Research ArticleGraft-Versus-Host Disease

Human CD8+ Regulatory T Cells Inhibit GVHD and Preserve General Immunity in Humanized Mice

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Science Translational Medicine  16 Jan 2013:
Vol. 5, Issue 168, pp. 168ra9
DOI: 10.1126/scitranslmed.3004943

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Transplanting Hope

Sometimes the treatment is worse than the disease. Therapies for critical illnesses frequently have severe unwanted side effects. One such therapy is bone marrow transplantation (BMT), which is used to treat both malignant and nonmalignant diseases of the blood. Most bone marrow transplants are allogeneic—they are antigenically foreign to the recipient. Thus, immune cells that develop from the transplant recognize the new host—the patient being treated—as “nonself” and attack. This side effect of BMT is called graft-versus-host disease (GVHD) and is controlled by general immunosuppression, which has its own waterfall of negative side effects. Now, Zheng et al. report a way to specifically inhibit GVHD in a humanized mouse model.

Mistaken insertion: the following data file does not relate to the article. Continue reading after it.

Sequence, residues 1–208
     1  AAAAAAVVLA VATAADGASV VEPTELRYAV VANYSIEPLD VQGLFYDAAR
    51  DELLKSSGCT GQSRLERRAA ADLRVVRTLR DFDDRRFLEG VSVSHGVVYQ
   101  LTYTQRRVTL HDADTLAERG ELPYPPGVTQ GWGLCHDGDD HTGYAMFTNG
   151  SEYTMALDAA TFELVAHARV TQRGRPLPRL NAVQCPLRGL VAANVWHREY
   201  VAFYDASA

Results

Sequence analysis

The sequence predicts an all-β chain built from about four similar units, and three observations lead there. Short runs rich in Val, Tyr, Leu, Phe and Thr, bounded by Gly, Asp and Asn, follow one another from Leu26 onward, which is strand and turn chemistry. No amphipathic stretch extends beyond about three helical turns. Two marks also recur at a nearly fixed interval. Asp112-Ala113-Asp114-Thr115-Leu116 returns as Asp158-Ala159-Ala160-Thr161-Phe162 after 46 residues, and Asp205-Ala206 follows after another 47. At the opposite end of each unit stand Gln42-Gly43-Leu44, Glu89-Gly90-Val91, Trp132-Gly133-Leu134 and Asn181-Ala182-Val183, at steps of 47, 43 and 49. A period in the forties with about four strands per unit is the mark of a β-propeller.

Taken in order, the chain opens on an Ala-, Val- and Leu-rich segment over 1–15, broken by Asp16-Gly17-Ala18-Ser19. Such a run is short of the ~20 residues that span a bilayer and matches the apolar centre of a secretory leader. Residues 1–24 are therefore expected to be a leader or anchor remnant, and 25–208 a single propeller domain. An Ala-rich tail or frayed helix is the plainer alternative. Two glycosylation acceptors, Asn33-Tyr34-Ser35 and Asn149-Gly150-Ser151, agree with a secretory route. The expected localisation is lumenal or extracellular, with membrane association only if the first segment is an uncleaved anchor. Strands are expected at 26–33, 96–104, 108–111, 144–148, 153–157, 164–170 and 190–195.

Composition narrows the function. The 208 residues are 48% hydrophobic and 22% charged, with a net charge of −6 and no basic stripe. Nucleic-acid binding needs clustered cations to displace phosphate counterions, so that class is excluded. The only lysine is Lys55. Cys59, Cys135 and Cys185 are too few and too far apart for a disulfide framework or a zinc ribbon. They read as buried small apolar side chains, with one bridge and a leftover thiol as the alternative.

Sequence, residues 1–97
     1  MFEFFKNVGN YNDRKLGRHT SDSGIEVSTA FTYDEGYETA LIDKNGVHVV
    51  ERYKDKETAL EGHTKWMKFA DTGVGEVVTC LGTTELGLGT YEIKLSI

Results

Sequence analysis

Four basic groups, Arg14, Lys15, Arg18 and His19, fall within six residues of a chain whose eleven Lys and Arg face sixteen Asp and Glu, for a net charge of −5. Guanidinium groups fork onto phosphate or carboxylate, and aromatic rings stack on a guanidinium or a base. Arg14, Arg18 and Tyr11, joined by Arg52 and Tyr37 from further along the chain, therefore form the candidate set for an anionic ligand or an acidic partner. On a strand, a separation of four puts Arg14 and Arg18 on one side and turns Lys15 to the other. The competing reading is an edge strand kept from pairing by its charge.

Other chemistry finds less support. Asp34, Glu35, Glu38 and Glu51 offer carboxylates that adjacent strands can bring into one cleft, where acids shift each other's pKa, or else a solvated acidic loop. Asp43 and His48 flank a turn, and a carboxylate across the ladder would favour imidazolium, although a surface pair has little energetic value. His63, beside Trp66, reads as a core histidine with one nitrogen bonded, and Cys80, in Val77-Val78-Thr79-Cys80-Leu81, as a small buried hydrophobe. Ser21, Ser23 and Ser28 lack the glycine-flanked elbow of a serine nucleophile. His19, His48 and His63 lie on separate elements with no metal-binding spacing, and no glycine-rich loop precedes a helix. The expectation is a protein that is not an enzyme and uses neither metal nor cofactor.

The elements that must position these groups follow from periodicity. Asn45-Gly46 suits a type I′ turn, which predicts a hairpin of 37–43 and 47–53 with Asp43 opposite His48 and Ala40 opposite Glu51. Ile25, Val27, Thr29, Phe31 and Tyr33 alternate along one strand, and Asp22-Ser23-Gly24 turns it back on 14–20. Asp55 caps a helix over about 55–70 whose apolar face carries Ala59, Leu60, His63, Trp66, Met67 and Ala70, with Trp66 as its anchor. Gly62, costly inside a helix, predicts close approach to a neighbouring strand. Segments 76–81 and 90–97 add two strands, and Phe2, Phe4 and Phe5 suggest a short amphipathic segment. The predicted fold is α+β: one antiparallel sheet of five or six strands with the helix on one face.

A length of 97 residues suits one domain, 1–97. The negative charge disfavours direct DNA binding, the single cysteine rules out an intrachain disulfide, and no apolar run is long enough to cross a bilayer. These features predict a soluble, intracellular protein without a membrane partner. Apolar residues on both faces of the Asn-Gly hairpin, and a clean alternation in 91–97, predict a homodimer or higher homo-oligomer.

The authors transplant CD8hi regulatory T cells (Tregs) into a humanized model of GVHD. They found that these ex vivo–generated CD8hi Tregs reduced GVHD in an allospecific manner while leaving graft versus tumor and general immune responses intact. These cells decreased organ-specific chemokine and cytokine secretion through a mechanism that involved CTLA-4, and, indeed, induced long-term tolerance. If these results can be translated to humans, CD8hi Tregs may prevent the need for long-term general immunosuppression in BMT recipients.